stackedplot(vcrtrain, classCols = cols, main = "Instagram training data") # Silhouette plot: silplot(vcrtrain, classCols = cols) # Here all the s(i) are nonnegative (due to overfitting). # Class maps: classmap(vcrtrain, "genuine", classCols = cols) #, identify = TRUE) # farness outliers from furthest to closer: 45, 25, 41 x_train[c(45, 25, 41), ] # they have huge numbers of followers. classmap(vcrtrain, "fake", classCols = cols) #, identify = TRUE) # only case 261 is borderline far.
The classification of the training data is not very realistic due to overfitting, so let us look at the test data.
Now we consider the test data. First we load the data.
testdata <- data_instagram[which(data_instagram$dataType == "test"), -13] Xnew <- testdata[, -12] ynew <- testdata[, 12]
We can now prepare for visualization:
vcrtest <- vcr.forest.newdata(Xnew, ynew, vcrtrain) confmat.vcr(vcrtest)
First we visualize using the stacked plot and the silhouette plot:
stackedplot(vcrtest, classCols = cols, main = "RF on Instagram test data") # Silhouette plot: silplot(vcrtest, classCols = cols, main = "Silhouettes of RF on Instagram test data") # now some s(i) are negative
Now we make the class maps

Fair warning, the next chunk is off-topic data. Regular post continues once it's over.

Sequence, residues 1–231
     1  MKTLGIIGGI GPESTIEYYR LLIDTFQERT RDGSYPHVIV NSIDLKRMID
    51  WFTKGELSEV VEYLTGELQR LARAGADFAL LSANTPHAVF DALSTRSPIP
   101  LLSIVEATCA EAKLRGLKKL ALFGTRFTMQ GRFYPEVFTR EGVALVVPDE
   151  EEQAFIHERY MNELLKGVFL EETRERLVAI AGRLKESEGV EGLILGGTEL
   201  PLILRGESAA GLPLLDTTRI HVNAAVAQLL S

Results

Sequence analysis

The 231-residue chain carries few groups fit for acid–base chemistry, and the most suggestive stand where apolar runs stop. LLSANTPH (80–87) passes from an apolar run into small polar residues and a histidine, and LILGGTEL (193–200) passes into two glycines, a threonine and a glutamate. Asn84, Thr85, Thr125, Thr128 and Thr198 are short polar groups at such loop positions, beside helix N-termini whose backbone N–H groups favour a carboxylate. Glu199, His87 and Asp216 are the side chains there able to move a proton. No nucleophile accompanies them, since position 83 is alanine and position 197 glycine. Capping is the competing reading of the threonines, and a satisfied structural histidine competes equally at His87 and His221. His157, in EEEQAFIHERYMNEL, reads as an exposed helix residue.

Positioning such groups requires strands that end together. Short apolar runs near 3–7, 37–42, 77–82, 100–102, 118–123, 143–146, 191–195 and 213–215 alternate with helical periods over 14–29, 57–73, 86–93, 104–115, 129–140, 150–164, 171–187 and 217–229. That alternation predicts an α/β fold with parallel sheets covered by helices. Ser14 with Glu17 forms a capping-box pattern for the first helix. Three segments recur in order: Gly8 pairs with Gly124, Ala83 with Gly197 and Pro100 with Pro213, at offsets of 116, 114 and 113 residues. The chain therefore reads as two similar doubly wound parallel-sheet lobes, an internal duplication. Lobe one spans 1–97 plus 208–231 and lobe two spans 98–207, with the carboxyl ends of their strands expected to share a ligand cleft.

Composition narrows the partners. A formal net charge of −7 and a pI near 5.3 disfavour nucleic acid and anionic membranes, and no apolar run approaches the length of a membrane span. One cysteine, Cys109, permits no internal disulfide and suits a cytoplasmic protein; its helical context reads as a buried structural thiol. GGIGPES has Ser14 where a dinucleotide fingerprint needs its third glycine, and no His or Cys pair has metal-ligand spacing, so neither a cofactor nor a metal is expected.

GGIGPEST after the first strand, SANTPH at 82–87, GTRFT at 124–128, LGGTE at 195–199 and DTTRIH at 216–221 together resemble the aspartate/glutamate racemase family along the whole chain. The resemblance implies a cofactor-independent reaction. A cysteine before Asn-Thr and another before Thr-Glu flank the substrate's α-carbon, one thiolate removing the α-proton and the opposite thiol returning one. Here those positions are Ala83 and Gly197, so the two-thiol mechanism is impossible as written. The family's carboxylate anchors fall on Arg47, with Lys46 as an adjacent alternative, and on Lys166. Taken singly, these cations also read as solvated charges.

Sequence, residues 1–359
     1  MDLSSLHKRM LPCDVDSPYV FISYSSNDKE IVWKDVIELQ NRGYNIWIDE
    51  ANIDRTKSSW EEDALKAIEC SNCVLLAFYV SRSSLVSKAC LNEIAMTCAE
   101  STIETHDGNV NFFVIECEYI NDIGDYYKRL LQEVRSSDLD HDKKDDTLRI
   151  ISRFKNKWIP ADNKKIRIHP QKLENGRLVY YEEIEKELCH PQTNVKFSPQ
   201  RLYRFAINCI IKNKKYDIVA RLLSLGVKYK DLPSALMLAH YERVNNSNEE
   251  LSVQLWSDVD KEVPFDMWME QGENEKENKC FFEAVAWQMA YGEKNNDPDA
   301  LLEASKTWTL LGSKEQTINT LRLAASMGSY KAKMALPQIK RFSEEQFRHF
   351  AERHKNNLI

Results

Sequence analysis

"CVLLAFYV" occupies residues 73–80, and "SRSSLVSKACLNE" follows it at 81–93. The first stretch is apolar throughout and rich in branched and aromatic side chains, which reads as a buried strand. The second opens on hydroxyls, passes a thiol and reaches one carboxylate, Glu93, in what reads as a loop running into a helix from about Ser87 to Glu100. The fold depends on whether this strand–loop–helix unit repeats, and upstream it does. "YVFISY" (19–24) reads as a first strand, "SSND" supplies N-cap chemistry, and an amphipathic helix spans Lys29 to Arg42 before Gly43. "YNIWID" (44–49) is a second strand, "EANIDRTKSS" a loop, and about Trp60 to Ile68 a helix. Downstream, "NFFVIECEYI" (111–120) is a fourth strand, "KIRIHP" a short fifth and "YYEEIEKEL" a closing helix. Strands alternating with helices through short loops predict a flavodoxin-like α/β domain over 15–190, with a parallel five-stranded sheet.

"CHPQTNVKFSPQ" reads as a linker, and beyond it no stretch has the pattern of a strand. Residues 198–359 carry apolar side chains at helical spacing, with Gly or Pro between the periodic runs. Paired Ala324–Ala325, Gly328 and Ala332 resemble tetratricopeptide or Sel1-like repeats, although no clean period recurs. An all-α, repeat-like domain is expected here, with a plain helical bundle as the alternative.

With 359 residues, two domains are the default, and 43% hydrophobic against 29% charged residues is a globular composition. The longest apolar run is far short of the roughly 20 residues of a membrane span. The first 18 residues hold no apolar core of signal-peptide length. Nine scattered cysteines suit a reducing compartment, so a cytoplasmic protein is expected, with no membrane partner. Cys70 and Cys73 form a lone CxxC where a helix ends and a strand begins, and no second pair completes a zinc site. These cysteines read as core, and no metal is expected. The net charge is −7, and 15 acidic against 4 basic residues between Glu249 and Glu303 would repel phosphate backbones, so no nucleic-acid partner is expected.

## Class of genuine accounts: classmap(vcrtest, "genuine", classCols = cols) #, identify = TRUE) # one farness outlier: Xnew[c(30), ] # has very lengthy bio/description # has large number of X.posts # has very large number of followers and follows # genuine misclassified as fake: from highest PAC to lowest Xnew[c(21, 29, 51), ] # and 2 more borderline cases # They have some unusual characteristics for their class: # * 21, 29 have a (very) high nums.length.username, i.e. the # percentage of numerical characters in the username. # * 21, 29 have a full name of only 1 word. # * 21, 29 and 51 have description.length = 0, i.e. no # description/biography of their profile. # * they all have low X.posts (even 0 for case 21), i.e. # relatively few previous posts. # All of these characteristics are more common for fake profiles # than for genuine profiles, as we can see below: trcols <- cols[as.numeric(y_train)] plot(x_train[, 1], col = trcols, main = "profile.pic") # fakes are less likely to have a profile picture plot(x_train[, 2], col = trcols, main = "nums.length.username") # is higher for fakes plot(x_train[, 3], col = trcols, main = "fullname.words") # is lower for fakes plot(x_train[, 4], col = trcols, main = "nums.length.fullname") # is a bit higher for fakes plot(x_train[, 5], col = trcols, main = "name..username") # mostly 0 for genuine; fakes have a few values 1 plot(x_train[, 6], col = trcols, main = "description.length") # fakes are typically lower, and more often zero plot(x_train[, 7], col = trcols, main = "external.URL") # fakes never had them, genuines sometimes did plot(x_train[, 8], col = trcols, main = "private") # no visible difference plot((x_train[, 9])^0.1, col = trcols, main = "X.posts") # fakes have fewer posts, and often none plot((x_train[, 10])^0.1, col = trcols, main = "X.followers") # fakes have fewer followers, sometimes none plot((x_train[, 11])^0.1, col = trcols, main = "X.follows") # fakes follow a bit fewer, but the difference is small. ## Class of fake accounts: classmap(vcrtest, "fake", classCols = cols) #, identify = TRUE) # Fake identified as genuine, from highest PAC to lower: # c(27, 51, 34, 23, 58) Xnew[which(ynew == "fake")[c(27, 34, 51, 23, 58)], ] # These have a number of characteristics which are more common # for genuine profiles: # # all have profile pictures # none have numerical characters in username # none have numerical characters in fullname # 27 has a lengthy bio description # all have a relatively high number of followers # all have a relatively high number of follows.